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Analysis of Integration in Nursing Science and Practice


  • Robin Whittemore

    1. Robin Whittemore, PhD, APRN, Mu, Associate Research Scientist, Lecturer, Yale School of Nursing, New Haven, CT. The author acknowledges Kathleen A. Knafl, PhD, for reviewing an early draft of this manuscript. Correspondence to Dr. Whittemore, Yale School of Nursing, 100 Church Street, P.O. Box 9740, New Haven, CT 06536–0740. E-mail:
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Purpose:To clarify the definition of integration and to identify universal aspects of the experience of integration related to healing, health, and nursing care.

Design:An integrative review concept analysis method was used. Relevant reports were identified by a computer-assisted search using the keyword integration in CINAHL from 1966 to 2004 and by reviewing the reference lists of retrieved reports. The final sample included 56 reports; 36 were empirical and 20 were theoretical.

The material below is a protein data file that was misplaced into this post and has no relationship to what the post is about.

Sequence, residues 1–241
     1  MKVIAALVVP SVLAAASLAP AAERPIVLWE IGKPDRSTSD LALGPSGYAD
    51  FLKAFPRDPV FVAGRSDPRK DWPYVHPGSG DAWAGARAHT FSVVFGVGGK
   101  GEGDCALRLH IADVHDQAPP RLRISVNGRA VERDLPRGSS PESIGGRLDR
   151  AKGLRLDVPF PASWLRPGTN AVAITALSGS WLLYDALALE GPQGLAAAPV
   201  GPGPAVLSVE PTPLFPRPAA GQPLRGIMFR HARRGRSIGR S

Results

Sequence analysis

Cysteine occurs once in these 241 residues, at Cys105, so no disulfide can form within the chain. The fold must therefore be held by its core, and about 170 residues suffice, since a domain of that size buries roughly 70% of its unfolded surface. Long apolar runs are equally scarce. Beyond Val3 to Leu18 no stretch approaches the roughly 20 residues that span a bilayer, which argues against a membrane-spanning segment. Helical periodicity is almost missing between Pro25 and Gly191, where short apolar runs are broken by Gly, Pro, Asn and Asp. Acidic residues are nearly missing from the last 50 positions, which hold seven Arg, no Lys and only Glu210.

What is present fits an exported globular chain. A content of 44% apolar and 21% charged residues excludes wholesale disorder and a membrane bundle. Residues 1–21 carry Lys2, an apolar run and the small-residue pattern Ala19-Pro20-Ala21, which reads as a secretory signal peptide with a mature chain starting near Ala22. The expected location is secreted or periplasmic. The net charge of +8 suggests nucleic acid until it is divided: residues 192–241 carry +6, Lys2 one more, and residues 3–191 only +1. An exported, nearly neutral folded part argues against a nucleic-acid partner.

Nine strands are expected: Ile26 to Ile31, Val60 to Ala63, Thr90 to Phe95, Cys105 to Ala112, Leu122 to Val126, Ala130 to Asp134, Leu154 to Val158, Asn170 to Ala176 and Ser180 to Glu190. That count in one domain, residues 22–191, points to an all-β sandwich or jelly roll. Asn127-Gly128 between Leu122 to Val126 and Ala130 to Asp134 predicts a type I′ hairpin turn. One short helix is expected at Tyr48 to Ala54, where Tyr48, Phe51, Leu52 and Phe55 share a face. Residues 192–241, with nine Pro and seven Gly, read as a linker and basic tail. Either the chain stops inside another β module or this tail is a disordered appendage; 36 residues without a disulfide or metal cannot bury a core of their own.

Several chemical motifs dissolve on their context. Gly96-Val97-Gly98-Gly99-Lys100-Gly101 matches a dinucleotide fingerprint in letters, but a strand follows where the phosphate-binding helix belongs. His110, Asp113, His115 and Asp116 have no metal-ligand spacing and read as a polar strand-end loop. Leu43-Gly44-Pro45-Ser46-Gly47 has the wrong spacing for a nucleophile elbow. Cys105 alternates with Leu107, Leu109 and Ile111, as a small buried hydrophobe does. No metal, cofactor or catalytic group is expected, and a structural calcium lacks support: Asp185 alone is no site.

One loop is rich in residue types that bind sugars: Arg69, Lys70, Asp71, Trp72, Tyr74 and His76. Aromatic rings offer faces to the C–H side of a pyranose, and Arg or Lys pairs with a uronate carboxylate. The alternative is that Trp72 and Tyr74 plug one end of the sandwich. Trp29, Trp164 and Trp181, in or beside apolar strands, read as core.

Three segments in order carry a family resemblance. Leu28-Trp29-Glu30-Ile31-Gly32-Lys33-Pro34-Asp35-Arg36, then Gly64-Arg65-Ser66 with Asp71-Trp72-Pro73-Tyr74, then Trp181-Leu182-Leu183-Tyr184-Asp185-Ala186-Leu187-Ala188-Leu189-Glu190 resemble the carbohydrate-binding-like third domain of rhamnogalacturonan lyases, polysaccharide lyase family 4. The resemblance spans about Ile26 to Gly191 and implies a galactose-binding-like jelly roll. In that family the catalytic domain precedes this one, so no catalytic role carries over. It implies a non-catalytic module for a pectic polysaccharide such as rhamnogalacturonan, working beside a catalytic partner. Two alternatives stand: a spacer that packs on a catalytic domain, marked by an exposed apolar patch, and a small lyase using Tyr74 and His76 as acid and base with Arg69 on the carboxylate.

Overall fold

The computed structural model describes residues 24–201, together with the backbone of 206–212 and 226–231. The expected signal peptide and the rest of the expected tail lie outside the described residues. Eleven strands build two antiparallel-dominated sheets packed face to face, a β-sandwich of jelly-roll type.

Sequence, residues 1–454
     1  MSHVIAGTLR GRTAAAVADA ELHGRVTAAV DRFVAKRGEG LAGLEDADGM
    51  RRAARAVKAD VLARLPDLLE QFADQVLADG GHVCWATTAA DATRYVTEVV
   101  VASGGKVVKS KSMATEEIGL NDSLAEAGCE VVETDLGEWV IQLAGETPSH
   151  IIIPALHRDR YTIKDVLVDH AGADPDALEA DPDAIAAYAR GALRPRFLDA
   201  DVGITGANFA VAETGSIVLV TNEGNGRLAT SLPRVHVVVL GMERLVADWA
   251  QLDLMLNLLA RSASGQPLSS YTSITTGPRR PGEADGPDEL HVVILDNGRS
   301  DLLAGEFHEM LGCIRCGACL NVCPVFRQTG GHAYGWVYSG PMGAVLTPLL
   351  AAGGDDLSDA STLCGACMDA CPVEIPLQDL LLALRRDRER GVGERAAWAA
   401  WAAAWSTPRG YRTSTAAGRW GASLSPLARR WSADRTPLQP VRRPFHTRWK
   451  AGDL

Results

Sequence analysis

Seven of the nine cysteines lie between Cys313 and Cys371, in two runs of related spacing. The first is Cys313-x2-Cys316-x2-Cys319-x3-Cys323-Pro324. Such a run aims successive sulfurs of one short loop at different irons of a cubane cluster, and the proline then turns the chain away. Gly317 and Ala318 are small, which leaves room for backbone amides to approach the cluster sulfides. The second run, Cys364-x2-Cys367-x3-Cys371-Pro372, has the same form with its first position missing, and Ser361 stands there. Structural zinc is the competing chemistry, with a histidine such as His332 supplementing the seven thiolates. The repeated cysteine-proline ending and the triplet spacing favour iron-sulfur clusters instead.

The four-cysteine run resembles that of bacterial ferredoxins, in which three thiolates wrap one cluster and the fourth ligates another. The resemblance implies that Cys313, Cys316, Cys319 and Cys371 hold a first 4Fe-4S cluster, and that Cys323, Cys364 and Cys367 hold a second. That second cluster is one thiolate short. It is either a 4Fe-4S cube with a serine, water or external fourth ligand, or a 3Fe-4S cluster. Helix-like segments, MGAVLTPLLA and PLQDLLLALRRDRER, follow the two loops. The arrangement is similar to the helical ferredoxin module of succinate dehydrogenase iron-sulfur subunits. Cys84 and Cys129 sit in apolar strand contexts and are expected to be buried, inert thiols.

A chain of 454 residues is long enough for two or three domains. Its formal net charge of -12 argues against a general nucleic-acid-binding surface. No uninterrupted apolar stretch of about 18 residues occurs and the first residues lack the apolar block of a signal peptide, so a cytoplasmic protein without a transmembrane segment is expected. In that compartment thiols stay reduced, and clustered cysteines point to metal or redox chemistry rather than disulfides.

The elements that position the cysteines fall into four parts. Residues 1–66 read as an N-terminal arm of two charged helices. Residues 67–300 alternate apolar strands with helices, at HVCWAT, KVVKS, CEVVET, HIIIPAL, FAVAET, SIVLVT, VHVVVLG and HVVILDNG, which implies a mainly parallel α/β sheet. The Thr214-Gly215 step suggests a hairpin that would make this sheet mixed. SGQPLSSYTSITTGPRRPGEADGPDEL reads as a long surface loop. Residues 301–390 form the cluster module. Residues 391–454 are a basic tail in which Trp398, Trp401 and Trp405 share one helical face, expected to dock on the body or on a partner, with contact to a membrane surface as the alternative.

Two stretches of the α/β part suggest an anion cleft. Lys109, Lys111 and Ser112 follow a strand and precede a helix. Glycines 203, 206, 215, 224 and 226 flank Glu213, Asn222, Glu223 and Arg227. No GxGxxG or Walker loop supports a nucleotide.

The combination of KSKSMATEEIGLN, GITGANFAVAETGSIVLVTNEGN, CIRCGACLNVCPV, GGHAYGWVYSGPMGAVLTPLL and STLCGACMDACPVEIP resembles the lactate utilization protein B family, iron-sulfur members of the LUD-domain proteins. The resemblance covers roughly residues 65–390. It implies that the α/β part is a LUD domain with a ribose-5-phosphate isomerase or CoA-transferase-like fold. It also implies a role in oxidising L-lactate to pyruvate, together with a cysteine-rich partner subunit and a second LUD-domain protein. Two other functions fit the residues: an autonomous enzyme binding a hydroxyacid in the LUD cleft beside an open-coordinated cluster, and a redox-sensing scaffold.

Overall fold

Methods:Data were extracted from primary sources on the definition of integration, aspects of the process, antecedents, consequences, and facilitators. Data display matrices were used and were iteratively compared to derive a process model of integration related to health.

Findings:A wide range of primary sources indicated that integration is an important aspect of healing or recovery from illness. Integration is defined as a complex person-environment interaction whereby new life experiences (i.e., illness) are assimilated into the self and activities of daily living, thereby contributing to overall life balance.

Conclusions:Results of this analysis indicate the importance of the concept of integration to the science and practice of nursing. The process of integration appears to be a significant phase that occurs between a diagnosis of illness and subsequent physical and emotional healing.